Threat hunting is the act of aggressively tracking and eliminating cyber adversaries as early as possible in what Lockheed Martin has dubbed the “Cyber Kill Chain.”
-From a SANS Whitepaper, by Eric Cole, PhD
It’s likely most people who hear the term bounty hunter now, think of Duane Chapman, who goes by the name Dog, and who starred in a reality TV show named, incredibly, Dog the Bounty Hunter. But for me, the real bounty hunter is Steve McQueen, who played Josh Randall, a confederate Civil War veteran who made a living as a bounty hunter in the Wild West. Up until Josh Randall showed up, the term bounty hunter described an unsavory practitioner who lived on the fringes of the law. Josh changed all that, and the bounty hunter became, at least occasionally, a good guy.
The modern day version of Josh Randall is now bringing justice to the cybersecurity frontier. Increasingly, companies are hiring “threat hunters,” cyber experts who hunt through enterprise architecture, and identify, target, and eliminate threats that are hiding somewhere in the maze. It’s real-time hunting to detect malicious activity, performed by experts who have both tools and experience that enables them to carry out successful hunts far more efficiently than typically can be done by the internal security team.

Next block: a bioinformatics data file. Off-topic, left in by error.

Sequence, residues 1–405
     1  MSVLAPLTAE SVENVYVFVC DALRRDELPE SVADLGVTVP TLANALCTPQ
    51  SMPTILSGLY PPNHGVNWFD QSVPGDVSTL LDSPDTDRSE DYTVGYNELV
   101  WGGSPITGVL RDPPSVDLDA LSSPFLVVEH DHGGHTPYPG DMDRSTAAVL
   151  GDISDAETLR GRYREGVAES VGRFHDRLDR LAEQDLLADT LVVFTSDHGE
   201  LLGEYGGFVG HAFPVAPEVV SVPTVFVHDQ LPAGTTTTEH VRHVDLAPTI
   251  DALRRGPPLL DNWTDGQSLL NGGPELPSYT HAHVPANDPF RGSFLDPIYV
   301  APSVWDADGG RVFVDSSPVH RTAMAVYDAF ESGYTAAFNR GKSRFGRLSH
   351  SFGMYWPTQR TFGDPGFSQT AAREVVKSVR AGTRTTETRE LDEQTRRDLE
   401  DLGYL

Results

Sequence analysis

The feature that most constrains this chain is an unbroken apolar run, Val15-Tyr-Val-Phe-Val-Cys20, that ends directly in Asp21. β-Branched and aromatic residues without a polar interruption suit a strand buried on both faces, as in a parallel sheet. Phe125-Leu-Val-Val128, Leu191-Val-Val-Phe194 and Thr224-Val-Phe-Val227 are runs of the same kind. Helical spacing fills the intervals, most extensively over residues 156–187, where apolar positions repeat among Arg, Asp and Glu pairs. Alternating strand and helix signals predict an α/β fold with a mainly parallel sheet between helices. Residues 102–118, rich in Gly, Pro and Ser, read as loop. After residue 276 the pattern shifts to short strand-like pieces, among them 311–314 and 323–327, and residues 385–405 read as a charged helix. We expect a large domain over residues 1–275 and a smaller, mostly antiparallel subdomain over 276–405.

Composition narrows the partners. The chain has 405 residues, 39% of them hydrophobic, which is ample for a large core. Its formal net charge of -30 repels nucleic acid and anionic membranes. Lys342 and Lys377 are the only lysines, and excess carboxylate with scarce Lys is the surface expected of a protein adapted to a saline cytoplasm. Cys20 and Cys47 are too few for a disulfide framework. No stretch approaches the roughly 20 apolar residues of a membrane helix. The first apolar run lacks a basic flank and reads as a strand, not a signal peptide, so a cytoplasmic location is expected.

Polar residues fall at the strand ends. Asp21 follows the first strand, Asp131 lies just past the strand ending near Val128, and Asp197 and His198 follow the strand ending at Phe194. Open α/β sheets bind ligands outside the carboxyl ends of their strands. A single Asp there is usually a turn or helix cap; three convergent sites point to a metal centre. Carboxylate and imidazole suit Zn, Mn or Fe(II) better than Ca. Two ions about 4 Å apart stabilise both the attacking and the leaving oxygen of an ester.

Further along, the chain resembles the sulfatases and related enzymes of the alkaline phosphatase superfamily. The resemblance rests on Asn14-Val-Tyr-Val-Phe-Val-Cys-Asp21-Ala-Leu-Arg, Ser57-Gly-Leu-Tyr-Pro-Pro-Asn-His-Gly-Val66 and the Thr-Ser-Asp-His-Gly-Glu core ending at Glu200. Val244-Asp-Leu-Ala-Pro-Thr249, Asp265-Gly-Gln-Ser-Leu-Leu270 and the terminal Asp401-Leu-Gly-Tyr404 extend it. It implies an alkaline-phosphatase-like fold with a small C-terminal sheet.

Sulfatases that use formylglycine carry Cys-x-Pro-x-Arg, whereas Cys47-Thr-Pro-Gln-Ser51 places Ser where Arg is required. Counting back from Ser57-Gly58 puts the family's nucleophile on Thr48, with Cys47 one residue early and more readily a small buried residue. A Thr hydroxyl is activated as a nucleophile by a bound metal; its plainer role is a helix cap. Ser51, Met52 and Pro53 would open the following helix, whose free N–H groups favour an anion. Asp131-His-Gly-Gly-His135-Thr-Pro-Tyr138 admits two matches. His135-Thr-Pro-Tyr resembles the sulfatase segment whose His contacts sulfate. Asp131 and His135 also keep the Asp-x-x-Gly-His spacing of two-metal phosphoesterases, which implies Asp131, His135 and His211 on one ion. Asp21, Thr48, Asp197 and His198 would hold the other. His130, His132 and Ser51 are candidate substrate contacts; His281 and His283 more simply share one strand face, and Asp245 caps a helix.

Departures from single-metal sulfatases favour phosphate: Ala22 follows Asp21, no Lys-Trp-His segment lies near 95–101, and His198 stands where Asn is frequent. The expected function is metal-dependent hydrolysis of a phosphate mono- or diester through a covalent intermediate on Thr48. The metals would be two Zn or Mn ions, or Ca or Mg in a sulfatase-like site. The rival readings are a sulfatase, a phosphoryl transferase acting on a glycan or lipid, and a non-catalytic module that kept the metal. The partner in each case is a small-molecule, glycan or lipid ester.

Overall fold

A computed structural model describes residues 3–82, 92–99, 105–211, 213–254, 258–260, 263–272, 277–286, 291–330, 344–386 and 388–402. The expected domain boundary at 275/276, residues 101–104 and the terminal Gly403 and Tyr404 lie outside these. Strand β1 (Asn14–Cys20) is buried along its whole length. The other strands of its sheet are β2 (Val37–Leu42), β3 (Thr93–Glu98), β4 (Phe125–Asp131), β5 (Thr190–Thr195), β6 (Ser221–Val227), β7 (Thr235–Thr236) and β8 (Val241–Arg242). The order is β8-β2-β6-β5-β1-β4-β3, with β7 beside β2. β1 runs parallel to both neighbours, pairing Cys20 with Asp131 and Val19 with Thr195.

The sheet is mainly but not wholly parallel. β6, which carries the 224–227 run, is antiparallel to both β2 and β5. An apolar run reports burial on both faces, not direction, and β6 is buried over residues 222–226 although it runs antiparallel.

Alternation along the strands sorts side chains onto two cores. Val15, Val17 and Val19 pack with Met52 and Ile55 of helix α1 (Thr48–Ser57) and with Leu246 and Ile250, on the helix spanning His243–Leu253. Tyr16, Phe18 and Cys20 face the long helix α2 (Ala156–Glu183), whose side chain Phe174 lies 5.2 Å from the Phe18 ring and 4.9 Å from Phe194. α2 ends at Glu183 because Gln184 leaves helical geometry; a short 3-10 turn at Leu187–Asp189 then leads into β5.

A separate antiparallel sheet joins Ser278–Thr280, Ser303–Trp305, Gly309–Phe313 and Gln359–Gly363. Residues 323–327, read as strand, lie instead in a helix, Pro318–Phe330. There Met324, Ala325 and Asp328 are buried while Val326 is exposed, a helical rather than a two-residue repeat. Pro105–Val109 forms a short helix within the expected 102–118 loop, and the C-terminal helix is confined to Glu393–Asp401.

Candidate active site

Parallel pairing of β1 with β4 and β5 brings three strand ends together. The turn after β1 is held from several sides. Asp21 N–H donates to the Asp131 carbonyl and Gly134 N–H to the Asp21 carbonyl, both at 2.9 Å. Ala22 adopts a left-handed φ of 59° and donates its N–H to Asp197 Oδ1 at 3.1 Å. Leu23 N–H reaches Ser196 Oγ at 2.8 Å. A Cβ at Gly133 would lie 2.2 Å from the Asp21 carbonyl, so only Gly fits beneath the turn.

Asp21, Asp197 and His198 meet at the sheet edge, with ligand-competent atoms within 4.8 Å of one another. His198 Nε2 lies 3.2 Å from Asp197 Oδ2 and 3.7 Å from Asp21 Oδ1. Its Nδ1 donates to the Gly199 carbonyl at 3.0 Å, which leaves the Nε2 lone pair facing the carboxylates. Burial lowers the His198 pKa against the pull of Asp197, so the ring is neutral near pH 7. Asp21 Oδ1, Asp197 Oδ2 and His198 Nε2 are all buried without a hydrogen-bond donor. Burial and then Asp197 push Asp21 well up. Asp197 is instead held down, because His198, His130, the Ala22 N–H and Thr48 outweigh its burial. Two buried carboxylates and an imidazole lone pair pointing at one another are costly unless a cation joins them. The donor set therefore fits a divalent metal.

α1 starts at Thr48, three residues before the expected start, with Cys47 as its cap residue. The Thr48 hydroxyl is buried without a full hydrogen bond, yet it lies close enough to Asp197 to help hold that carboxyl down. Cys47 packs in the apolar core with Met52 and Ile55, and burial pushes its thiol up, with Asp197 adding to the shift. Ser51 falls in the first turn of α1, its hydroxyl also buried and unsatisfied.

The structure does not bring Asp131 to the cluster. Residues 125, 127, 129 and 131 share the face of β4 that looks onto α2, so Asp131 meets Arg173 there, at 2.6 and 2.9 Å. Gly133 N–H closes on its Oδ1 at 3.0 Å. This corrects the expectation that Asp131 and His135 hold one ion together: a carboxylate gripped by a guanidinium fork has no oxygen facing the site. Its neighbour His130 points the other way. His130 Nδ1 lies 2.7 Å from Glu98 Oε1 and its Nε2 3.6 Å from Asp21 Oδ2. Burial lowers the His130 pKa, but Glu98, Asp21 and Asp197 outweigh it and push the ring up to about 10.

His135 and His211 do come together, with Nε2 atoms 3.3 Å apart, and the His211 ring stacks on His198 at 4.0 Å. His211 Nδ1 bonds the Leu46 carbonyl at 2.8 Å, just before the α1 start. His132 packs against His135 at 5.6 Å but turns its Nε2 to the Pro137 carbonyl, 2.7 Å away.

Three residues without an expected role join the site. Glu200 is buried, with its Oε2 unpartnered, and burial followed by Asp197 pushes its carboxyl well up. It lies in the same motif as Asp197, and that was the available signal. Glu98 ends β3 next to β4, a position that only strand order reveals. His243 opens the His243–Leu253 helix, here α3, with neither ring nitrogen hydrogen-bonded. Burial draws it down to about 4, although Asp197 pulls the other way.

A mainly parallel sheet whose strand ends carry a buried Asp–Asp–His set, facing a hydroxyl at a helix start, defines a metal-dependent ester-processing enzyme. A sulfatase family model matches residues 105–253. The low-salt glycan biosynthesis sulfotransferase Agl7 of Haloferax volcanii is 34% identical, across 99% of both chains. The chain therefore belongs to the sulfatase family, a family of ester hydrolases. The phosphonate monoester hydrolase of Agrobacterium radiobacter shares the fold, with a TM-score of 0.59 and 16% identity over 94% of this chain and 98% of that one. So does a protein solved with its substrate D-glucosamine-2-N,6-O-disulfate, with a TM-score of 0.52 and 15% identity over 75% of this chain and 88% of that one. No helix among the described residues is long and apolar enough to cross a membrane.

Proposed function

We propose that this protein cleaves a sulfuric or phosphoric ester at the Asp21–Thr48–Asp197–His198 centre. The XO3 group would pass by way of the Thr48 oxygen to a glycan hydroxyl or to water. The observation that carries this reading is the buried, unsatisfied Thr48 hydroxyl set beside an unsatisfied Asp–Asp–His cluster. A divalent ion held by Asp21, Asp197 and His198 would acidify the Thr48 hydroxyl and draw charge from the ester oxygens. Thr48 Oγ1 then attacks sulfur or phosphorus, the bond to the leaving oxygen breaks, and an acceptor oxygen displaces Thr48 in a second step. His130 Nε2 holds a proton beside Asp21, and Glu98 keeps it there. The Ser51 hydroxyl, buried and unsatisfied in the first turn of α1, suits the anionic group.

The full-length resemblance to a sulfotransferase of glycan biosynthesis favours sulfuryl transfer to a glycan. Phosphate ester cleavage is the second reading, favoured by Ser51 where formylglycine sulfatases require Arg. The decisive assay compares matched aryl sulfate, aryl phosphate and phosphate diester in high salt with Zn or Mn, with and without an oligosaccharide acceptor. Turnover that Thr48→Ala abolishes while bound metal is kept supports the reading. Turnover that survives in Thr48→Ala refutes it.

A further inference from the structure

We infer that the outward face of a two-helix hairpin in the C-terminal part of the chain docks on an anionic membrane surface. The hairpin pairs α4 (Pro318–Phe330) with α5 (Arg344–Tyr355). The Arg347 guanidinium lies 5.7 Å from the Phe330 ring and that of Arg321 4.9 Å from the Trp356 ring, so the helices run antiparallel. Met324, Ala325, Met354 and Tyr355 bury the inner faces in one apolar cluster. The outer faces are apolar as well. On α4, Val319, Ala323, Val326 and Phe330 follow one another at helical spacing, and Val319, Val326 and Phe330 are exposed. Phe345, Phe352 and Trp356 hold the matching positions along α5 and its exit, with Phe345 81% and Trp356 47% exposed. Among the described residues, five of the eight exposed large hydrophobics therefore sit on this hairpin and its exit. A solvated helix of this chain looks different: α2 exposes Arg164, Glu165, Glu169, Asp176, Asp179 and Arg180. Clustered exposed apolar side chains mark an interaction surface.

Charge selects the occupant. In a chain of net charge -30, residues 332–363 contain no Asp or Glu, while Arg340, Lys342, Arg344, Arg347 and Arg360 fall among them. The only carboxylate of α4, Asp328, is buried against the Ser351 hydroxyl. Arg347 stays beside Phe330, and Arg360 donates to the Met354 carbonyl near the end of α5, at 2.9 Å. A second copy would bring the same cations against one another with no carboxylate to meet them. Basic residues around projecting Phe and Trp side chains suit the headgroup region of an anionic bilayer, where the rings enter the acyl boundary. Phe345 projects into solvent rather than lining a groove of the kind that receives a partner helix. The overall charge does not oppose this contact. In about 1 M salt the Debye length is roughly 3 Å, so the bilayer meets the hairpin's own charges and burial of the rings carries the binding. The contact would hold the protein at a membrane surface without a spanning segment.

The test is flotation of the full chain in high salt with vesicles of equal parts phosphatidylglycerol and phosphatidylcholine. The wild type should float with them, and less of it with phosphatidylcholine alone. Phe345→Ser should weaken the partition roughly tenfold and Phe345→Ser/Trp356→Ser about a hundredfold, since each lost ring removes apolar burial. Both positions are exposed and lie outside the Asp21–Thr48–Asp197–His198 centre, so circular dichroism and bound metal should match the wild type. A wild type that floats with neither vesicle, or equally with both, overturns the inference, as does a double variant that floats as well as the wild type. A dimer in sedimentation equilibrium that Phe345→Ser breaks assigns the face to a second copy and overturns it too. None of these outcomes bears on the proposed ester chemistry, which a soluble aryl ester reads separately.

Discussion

A SANS white paper written by Robert M. Lee and Rob Lee explains the rationale that lies behind threat hunting. “Threats are human. It is the adversaries, not just their tools, such as malware, that interest threat hunters. These adversaries are persistent and flexible and often evade network defenses. The threats are often identified as advanced persistent threats (APTs), not just because of the capabilities that the adversaries wield, but also because of their ability to initiate and maintain long-term operations against targets. Focused and funded adversaries will not be countered by security boxes on the network alone. And threat hunters are not simply waiting to respond to alerts or indicators of compromise (IOCs). They are actively searching for threats to prevent or minimize damage.”
One of the more interesting aspects of the threat hunting approach lies in the human dimension. Writing in DarkReading, Jai Vijayan quotes Ben Johnson, co-founder and chief security strategist at security vendor Carbon Black, as saying what separates threat hunting from the usual security practices is its emphasis on human skills. Threat hunting, Johnson says, is about “using humans to find bad [guys] versus having an alert fire from a piece of technology.” In that regard this version of bounty hunting is not so terribly different from that practiced across the shifting sands of history. The biggest difference may be that when the bounty hunters squint today, it’s not the sun in their eyes, it’s more likely eye fatigue from staring at too many screens.
By Tom Davis, SDI Cyber Risk Practice
August 2, 2016